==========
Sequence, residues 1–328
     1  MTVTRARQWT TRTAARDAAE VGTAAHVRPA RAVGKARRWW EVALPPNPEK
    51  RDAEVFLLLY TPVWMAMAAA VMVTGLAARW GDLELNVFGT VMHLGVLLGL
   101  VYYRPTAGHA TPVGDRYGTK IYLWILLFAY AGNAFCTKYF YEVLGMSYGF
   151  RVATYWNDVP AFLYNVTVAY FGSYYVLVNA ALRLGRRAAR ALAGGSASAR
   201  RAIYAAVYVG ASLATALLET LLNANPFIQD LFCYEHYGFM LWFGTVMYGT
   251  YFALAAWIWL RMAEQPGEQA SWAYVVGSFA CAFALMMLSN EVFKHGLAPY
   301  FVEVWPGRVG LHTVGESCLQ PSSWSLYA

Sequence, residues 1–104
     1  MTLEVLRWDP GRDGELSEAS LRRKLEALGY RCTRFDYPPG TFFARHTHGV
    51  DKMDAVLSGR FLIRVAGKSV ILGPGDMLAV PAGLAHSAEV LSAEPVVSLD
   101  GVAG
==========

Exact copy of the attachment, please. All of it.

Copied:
Sequence, residues 1–328
     1  MTVTRARQWT TRTAARDAAE VGTAAHVRPA RAVGKARRWW EVALPPNPEK
    51  RDAEVFLLLY TPVWMAMAAA VMVTGLAARW GDLELNVFGT VMHLGVLLGL
   101  VYYRPTAGHA TPVGDRYGTK IYLWILLFAY AGNAFCTKYF YEVLGMSYGF
   151  RVATYWNDVP AFLYNVTVAY FGSYYVLVNA ALRLGRRAAR ALAGGSASAR
   201  RAIYAAVYVG ASLATALLET LLNANPFIQD LFCYEHYGFM LWFGTVMYGT
   251  YFALAAWIWL RMAEQPGEQA SWAYVVGSFA CAFALMMLSN EVFKHGLAPY
   301  FVEVWPGRVG LHTVGESCLQ PSSWSLYA

Sequence, residues 1–104
     1  MTLEVLRWDP GRDGELSEAS LRRKLEALGY RCTRFDYPPG TFFARHTHGV
    51  DKMDAVLSGR FLIRVAGKSV ILGPGDMLAV PAGLAHSAEV LSAEPVVSLD
   101  GVAG